and arsenic are also present. In well made steel these impurities generally
range between 0.2 and 1.0 per cent and their resultant effect on the
constitution of steel is often small. Of the common impurities, Phosphorus
cannot be eliminated in the process of manufacture, whereas most of the silicon
and manganese are introduced to improve the metal.
Silicon is often added to molten
metal to remove oxygen and diminish blow holes. In structural steel it rarely
exceeds 0.25 per cent. Silicon up to 1.75 per cent appears to increase both
ultimate strength and elastic limit without decreasing ductility.
Phosphorus is considered to
promote enlargement of the grains and thus produce brittleness. The ductility
of low-carbon steel decreases slightly by the presence of 0.3-0.5 per
cent phosphorus. However, yield point, ultimate strength and hardness of steel
are increased. Resistance to shock is also reduced by 0.1 per cent phosphorus
and the metal is rendered cold short (i.e., brittle when cold). A decrease in
toughness appears to be more pronounced in high-carbon than in low-carbon
steels. The maximum limits for phosphorus are: for inferior grades of
structural steel 0. 1, for best grades of structural steel 0.055, and 0.02 per
cent for tool steels.
Sulphur readily combines with
iron to form iron sulphide (FeS) which, when present in iron or steel, has a
tendency to segregate and form brittle networks at the grain boundaries. On
account of its low melting point, iron sulphide causes lack of cohesion between
adjacent grains when heated above a red heat. Such brittleness at high
temperature is termed as red shortness which makes steel or iron hard to roll
or forge. Manganese sulphide has a much higher melting point than iron
sulphidle and does not render ferrous metals red short. Therefore, inasmuch as
manganese has a very powerful affinity for sulphur, it is possible to relieve
red shortness by adding sufficient quantity of manganese to the molten metal to
combine with sulphur. Theoretically the ratio of manganese to sulphur should be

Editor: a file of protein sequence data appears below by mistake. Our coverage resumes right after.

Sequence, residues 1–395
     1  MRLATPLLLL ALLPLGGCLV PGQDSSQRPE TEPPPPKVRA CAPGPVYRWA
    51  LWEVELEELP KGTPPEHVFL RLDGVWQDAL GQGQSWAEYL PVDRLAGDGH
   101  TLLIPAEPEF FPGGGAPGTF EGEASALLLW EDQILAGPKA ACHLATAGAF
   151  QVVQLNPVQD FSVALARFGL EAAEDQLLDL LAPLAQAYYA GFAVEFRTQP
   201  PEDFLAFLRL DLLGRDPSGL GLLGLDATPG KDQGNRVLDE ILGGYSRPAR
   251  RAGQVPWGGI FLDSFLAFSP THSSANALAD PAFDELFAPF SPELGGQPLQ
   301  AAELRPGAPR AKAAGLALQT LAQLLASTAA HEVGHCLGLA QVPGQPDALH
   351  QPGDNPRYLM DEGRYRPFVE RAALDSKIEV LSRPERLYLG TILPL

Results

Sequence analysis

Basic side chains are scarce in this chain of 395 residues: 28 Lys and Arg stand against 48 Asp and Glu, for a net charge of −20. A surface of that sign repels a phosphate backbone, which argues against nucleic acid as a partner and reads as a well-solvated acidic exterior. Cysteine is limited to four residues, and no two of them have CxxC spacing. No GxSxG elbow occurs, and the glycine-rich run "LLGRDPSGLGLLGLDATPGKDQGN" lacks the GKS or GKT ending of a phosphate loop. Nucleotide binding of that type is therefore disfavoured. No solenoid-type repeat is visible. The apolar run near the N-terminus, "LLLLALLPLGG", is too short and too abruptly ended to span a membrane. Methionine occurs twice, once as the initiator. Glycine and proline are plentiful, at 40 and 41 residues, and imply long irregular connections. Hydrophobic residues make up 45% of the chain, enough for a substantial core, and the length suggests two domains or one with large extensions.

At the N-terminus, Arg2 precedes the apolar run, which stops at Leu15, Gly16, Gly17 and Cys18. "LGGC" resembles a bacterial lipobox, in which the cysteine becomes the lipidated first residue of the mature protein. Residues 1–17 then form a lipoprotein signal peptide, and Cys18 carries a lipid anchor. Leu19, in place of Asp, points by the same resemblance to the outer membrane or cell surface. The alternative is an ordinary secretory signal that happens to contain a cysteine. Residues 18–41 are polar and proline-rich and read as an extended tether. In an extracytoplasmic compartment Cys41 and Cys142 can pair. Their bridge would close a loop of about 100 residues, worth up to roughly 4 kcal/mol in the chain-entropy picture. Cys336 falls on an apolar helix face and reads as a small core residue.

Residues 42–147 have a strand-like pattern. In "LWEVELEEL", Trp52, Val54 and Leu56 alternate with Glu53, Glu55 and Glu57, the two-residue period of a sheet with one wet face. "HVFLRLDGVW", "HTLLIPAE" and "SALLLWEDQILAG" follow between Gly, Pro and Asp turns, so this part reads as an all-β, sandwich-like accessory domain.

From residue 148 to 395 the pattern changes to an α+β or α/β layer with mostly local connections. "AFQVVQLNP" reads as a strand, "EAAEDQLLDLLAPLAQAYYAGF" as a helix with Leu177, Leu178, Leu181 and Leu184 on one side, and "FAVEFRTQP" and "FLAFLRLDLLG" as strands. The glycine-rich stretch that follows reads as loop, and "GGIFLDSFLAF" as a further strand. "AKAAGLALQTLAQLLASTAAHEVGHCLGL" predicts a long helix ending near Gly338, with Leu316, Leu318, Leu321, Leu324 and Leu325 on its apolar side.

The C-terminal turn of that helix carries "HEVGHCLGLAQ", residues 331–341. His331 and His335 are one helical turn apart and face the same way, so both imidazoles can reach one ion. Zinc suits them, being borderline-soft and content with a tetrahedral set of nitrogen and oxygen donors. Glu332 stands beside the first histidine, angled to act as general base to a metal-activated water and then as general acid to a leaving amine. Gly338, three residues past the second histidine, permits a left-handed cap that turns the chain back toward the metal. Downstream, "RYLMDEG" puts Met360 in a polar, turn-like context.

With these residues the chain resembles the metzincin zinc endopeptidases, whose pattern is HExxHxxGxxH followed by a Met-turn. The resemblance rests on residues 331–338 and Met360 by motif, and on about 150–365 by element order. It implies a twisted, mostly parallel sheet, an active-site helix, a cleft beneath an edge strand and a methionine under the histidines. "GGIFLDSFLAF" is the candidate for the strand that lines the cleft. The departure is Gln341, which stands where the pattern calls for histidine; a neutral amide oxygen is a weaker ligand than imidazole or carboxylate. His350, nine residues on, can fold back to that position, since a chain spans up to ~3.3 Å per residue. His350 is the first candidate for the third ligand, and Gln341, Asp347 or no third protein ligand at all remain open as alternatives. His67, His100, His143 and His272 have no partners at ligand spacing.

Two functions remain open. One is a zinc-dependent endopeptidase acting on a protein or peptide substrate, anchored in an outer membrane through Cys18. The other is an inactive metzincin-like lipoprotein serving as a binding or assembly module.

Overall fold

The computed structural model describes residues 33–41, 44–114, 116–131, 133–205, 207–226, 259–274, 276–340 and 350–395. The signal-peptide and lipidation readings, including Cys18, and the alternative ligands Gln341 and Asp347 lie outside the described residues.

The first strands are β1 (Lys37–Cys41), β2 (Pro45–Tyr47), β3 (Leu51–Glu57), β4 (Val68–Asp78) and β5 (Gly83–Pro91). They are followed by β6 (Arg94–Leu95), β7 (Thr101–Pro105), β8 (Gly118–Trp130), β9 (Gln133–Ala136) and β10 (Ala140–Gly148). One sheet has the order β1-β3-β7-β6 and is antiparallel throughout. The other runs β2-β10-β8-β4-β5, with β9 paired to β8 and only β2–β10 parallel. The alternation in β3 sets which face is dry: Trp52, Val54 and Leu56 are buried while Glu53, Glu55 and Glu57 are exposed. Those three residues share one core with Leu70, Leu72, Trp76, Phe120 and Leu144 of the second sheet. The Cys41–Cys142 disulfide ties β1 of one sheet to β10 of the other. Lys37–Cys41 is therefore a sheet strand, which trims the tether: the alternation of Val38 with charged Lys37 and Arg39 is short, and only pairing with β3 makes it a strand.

1.70 to 1.0 in order to form manganese sulphide and completely satisfy sulphur.
Less than 0.15 per cent sulphur content hardly exercises any appreciable effect
on the mechanical properties of steel. When sulphur is present along with
manganese it improves the machineability of steel.
Manganese has strong affinity for
oxygen and sulphur and acts as a cleanser of the molten metal by withdrawing
much of the undesirable impurities into the slag. Manganese increases the
tensile strength, hardenability and dilutes the effect of sulphur. When more
manganese is present than required for sulphur and oxygen the excess manganese
forms carbide and acts as hardener. Copper increases resistance to corrosion
when present in small percentage. Arsenic has a tendency to raise the strength
and brittleness. Non-metallic Impurities are mechanically suspended in the
metal and are often called slag inclusions causing brittleness.
The object of heat treatment is
to develop desired properties in steel. The properties of steel can be
controlled and changed as well by various heat treatments. A steel of given
composition may be made soft, ductile and tough by one heat treatment, and the
same steel may be made relatively hard and strong by another. Heat treatment
affects the nature, amount, and character of the metallographic properties.
Heat treatment influences the
solubility relations of the constituents, changes the crystallization either
with respect to form or degree of aggregation and introduces or relieves
internal stresses in the metal. The heat treatment process consists in
subjecting, a metal to definite temperature-time
the principle purposes of heat treatment are as follows.
enhance properties such as strength, ductility, hardness and toughness.
relieve internal stresses and strains.
3. To refine
4. To remove
normalize steel after heat treatment.
This heat treatment consists of
heating the steel above the upper critical temperature holding at that
temperature until phase equilibrium has been established, and then quenching
rapidly to produce a martensite structure. Martensite is the chief constituent
of hardened steel and is fibrous or needle like structure. Hardened steel is
very brittle and cannot be used for practical purposes. The quenching medium is
usually brine, water or oil, depending on the desired cooling rate.
The objective of this treatment
may be to secure a given hardness to a desired depth in steel. But in most
instances the hardening treatment may simply be considered as starting point
from which better combinations of desired properties may be secured by